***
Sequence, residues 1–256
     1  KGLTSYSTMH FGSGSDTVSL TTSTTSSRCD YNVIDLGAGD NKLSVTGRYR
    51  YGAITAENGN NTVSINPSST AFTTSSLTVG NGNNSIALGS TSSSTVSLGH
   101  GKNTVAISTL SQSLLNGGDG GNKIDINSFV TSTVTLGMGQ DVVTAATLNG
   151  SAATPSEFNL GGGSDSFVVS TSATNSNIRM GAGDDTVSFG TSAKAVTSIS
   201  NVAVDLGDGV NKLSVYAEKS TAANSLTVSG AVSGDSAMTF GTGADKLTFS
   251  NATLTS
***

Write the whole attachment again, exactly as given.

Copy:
Sequence, residues 1–256
     1  KGLTSYSTMH FGSGSDTVSL TTSTTSSRCD YNVIDLGAGD NKLSVTGRYR
    51  YGAITAENGN NTVSINPSST AFTTSSLTVG NGNNSIALGS TSSSTVSLGH
   101  GKNTVAISTL SQSLLNGGDG GNKIDINSFV TSTVTLGMGQ DVVTAATLNG
   151  SAATPSEFNL GGGSDSFVVS TSATNSNIRM GAGDDTVSFG TSAKAVTSIS
   201  NVAVDLGDGV NKLSVYAEKS TAANSLTVSG AVSGDSAMTF GTGADKLTFS
   251  NATLTS